A counterfeit stamp found on his passport may only have been added after he entered the UK, Mr Roach said.

The trial continues.

Powered by ScribeFire.

Monday, 8 October 2007

Interpol reverse photoshop to reveal face of sex offender


Interpol have released a photograph of a suspected sex offender after
managed to undo Photoshop actions designed to obscure the man's

Interpol has launched an unprecedented global public
appeal to help identify a man shown sexually abusing children in
photographs posted on the internet.

The man appears in about 200 images depicting the abuse
of 12 boys, which police said were taken in Vietnam and Cambodia,
possibly in 2002 and 2003.

The pictures had been digitally altered but police computer specialists have produced identifiable images.

Interpol says the man is a danger to children while he remains at large.

Interpol chief Ronald Noble said: "We have tried all other means to identify and to bring him to justice.

"We are now convinced that without the public's help
this sexual predator could continue to rape and sexually abuse young
children whose ages appear to range from six to early teens."

Image database

The first pictures of the man were found three years ago in Germany, Interpol said.

The pictures had been manipulated to disguise the man's
face with a swirl pattern, but computer specialists at Germany's
federal police agency, the BKA, worked with Interpol's human
trafficking team to produce identifiable images.

They show a man with slightly receding dark hair, aged 35 to 40 years old.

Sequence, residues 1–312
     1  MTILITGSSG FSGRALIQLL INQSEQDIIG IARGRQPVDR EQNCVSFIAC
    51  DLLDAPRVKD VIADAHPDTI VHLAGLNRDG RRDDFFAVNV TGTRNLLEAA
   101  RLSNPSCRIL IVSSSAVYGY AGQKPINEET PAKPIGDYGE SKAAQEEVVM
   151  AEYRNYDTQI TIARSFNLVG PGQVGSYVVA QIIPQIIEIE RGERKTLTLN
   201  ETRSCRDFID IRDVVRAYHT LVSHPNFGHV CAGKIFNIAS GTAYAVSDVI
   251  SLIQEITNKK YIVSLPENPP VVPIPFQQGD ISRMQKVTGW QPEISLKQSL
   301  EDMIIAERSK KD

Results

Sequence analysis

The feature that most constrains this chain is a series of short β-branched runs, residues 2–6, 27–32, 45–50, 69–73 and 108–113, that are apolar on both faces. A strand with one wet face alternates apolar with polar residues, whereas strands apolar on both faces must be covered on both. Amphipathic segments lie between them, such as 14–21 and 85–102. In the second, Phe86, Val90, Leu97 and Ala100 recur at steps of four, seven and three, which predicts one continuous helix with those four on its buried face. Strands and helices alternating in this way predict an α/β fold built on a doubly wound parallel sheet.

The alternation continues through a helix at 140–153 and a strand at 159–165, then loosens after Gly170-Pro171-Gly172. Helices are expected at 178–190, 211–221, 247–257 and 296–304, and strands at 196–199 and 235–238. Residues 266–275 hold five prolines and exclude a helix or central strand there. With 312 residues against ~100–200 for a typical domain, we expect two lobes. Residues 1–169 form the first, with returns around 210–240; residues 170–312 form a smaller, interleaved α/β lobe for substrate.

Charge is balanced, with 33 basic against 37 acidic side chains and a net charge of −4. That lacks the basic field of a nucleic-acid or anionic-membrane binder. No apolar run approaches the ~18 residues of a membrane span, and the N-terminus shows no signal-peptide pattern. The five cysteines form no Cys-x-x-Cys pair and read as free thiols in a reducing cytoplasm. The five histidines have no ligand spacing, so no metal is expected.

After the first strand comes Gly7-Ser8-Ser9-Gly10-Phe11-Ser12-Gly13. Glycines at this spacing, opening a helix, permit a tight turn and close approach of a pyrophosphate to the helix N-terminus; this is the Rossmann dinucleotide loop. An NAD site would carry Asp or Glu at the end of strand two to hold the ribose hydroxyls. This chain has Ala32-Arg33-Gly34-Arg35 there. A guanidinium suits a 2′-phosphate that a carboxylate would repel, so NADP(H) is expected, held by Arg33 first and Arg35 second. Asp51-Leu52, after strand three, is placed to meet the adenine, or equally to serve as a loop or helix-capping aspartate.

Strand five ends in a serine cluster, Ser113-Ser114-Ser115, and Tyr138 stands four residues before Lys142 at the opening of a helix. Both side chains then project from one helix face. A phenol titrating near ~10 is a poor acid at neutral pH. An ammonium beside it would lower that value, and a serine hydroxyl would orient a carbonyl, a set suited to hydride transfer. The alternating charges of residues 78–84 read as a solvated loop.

Despite extensive efforts through Interpol's network of 186 member states his identity remains unknown.

Interpol maintains a database of 520,000 images of child sex abuse submitted by 36 member states.

Using sophisticated software, investigators have identified and rescued nearly 600 victims from 31 countries.

Read more about it on EPUK

Powered by ScribeFire.

Bush’s torturers follow where the Nazis led

By Andrew Sullivan

10/07/07 "
" -- -- I remember that my first response to
the reports of abuse and torture at Guantanamo Bay was to accuse
the accusers of exaggeration or deliberate deception. I didn’t
believe America would ever do those things. I’d also supported
George W Bush in 2000, believed it necessary to give the
president the benefit of the doubt in wartime, and knew Donald Rumsfeld as a friend.

It struck me as a no-brainer that this stuff was being invented
by the far left or was part of Al-Qaeda propaganda. After all,
they train captives to lie about this stuff, don’t they? Bottom
line: I trusted the president in a time of war to obey the rule
of law that we were and are defending. And then I was forced to
confront the evidence.

From almost the beginning of the war, it is now indisputable,
the Bush administration made a strong and formative decision: in
the absence of good intelligence on the Islamist terror threat
after 9/11, it would do what no American administration had done
before. It would torture detainees to get information.

This decision was and is illegal, and violates America’s treaty
obligations, the military code of justice, the United Nations
convention against torture, and US law. Although America has
allied itself over the decades with some unsavoury regimes
around the world and has come close to acquiescing to torture,
it has never itself tortured. It has also, in liberating the
world from the evils of Nazism and communism, and in crafting
the Geneva conventions, done more than any other nation to
banish torture from the world. George Washington himself vowed
that it would be a defining mark of the new nation that such
tactics, used by the British in his day, would be anathema to

But Bush decided that 9/11 changed all that. Islamists were
apparently more dangerous than the Nazis or the Soviets, whom
Americans fought and defeated without resorting to torture. The
decision to enter what Dick Cheney called “the dark side” was
made, moreover, in secret; interrogators who had no idea how to
do these things were asked to replicate some of the methods US
soldiers had been trained to resist if captured by the Soviets
or Vietcong.

Classic torture techniques, such as waterboarding, hypothermia,
beatings, excruciating stress positions, days and days of sleep
deprivation, and threats to family members (even the children of